Last Night's Vigil for Mike Brown on Continental Bridge Was Thoughtful, Heartfelt
A group that swelled to perhaps as large as 100 at its biggest gathered at the Continental Bridge Park Thursday night to express solidarity with Mike Brown, the Ferguson, Missouri, man gunned down by a police officer Saturday, and the protesters in Ferguson who have faced tear gas and intimidation from Ferguson and Saint Louis County police.
At just after 6 p.m. when the candlelight portion of the gathering started, it was very much still light on the bridge. There was a loud-music-accompanied exercise class going on nearby and it was hot. Participants seemed to appreciate the chance to be together and to be heard.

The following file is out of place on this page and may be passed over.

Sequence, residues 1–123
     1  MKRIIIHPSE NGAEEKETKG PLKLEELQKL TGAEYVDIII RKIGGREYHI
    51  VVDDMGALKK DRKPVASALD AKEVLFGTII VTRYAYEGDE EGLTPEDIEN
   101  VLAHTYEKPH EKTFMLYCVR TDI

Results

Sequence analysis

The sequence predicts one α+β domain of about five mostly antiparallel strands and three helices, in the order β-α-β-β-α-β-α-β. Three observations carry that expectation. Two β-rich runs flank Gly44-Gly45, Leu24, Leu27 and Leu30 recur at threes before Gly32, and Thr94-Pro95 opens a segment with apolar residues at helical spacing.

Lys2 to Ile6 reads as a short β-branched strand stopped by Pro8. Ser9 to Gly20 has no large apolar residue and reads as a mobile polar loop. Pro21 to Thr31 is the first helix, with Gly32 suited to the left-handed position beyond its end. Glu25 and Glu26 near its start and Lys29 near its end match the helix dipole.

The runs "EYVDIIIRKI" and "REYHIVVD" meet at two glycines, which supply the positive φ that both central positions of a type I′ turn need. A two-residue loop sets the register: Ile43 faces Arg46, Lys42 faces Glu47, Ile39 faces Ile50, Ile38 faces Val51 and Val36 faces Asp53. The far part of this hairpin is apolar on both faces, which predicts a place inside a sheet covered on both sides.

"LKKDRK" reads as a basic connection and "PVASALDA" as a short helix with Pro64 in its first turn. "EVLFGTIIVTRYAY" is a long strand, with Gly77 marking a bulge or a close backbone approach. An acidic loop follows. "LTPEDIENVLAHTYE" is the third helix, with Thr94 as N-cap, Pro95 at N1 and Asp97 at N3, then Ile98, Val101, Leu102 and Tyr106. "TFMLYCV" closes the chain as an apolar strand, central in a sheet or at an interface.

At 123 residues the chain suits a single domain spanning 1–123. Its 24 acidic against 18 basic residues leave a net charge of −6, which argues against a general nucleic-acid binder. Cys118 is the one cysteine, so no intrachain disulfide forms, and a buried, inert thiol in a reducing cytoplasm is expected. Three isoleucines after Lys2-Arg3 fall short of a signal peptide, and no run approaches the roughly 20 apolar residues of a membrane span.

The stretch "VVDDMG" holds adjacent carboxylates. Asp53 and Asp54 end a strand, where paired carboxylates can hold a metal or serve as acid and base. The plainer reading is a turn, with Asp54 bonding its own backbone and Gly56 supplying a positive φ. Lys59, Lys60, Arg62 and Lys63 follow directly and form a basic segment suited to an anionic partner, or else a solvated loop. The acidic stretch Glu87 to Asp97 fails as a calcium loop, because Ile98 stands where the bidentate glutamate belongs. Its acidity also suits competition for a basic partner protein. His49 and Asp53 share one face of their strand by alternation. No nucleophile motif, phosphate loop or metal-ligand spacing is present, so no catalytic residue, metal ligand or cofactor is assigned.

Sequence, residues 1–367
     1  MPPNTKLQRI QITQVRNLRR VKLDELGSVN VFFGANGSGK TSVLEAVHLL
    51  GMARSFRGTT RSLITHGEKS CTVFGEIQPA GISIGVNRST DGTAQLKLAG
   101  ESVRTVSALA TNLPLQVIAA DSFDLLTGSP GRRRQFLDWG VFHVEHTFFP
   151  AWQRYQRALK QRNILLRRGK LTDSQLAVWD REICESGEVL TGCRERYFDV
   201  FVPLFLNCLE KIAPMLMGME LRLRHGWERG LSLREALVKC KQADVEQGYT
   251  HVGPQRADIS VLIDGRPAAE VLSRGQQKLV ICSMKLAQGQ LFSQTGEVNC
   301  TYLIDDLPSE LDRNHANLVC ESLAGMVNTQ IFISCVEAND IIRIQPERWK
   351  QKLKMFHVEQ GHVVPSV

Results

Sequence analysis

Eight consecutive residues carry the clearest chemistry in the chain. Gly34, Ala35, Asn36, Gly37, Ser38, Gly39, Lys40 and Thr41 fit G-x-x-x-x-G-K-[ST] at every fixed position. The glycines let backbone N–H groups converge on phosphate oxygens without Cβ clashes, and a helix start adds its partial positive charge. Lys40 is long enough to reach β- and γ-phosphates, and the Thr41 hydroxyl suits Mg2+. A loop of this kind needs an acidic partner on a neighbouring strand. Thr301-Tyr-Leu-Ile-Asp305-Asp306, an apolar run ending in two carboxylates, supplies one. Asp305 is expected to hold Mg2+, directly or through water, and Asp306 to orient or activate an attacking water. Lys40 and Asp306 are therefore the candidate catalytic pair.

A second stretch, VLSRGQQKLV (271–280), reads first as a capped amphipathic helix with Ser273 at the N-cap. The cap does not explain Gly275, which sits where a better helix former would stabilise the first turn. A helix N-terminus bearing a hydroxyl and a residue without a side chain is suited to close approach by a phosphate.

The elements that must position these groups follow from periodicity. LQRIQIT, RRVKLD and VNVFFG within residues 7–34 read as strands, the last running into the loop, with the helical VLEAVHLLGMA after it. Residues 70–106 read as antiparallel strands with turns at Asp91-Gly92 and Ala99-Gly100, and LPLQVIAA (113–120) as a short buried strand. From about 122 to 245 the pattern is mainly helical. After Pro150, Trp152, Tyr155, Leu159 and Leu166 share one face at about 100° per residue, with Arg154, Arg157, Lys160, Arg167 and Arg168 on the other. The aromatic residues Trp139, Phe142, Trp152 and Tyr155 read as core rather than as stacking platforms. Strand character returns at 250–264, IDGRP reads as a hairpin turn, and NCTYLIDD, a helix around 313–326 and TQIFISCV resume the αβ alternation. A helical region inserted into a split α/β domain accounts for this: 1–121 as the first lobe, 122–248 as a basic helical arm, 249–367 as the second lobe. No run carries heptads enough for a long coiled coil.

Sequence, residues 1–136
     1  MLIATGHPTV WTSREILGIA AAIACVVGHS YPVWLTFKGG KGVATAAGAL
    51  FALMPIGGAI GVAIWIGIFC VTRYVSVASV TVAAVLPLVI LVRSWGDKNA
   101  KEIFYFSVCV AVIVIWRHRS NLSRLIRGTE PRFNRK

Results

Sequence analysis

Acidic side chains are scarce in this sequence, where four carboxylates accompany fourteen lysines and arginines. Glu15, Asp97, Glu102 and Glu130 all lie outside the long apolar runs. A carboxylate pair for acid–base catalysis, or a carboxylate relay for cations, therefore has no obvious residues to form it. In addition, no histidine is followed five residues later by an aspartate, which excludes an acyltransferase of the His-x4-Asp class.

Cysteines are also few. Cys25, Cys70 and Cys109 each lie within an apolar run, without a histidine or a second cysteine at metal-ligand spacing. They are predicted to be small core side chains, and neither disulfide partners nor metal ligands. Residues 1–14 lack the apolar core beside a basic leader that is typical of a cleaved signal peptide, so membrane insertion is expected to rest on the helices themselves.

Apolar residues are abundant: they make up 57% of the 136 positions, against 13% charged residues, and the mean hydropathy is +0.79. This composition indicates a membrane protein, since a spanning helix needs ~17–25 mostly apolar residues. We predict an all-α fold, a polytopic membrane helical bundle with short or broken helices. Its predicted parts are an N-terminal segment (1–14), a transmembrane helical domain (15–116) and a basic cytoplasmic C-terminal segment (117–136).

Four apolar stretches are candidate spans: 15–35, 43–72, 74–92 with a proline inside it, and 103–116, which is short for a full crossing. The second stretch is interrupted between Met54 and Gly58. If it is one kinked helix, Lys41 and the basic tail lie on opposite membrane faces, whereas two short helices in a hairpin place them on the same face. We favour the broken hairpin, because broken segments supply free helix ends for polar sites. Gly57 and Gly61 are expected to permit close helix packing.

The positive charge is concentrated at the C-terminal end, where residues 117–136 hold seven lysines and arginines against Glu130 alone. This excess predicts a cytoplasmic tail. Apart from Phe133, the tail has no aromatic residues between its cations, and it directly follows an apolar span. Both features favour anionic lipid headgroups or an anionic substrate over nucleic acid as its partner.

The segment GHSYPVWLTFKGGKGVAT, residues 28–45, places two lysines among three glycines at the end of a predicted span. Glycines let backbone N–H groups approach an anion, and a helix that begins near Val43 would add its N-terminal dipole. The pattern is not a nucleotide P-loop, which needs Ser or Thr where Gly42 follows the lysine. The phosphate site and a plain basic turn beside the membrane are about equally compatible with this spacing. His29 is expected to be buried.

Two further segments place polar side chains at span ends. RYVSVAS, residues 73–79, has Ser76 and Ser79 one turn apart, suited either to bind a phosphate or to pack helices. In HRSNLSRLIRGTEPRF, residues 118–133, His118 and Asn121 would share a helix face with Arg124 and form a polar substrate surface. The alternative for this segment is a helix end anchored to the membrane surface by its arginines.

People spoke of police impact on their lives, and of what should be done to restore trust and balance to relationships between officers and civilians. There was disappointment that it took another unarmed man's death to resurrect the unity that has surfaced and clearly dissipated in the aftermath of other recent killings around the country. Beyond a couple of guys with bandanas covering their faces and signs claiming that the pair represented Anonymous, there was no sign of the Day of Rage protests the group had promoted around the country. There were prayers, hugs and songs, but only one law enforcement officer. There were signs, but no raised voices.
"It's necessary to show solidarity when these things happen," Chad Stanton, a community liaison for Representative Eddie Bernice Johnson said. "It's important to go out and make your displeasure known."
Ebony Isaac, the woman who organized the event, could be seen exchanging contact information and promising future action with those who had gathered as they readied to go home, still well before sundown.
"My mind is blown. Everyone was here, it was a unified effort," she said of the crowd, noting its diversity.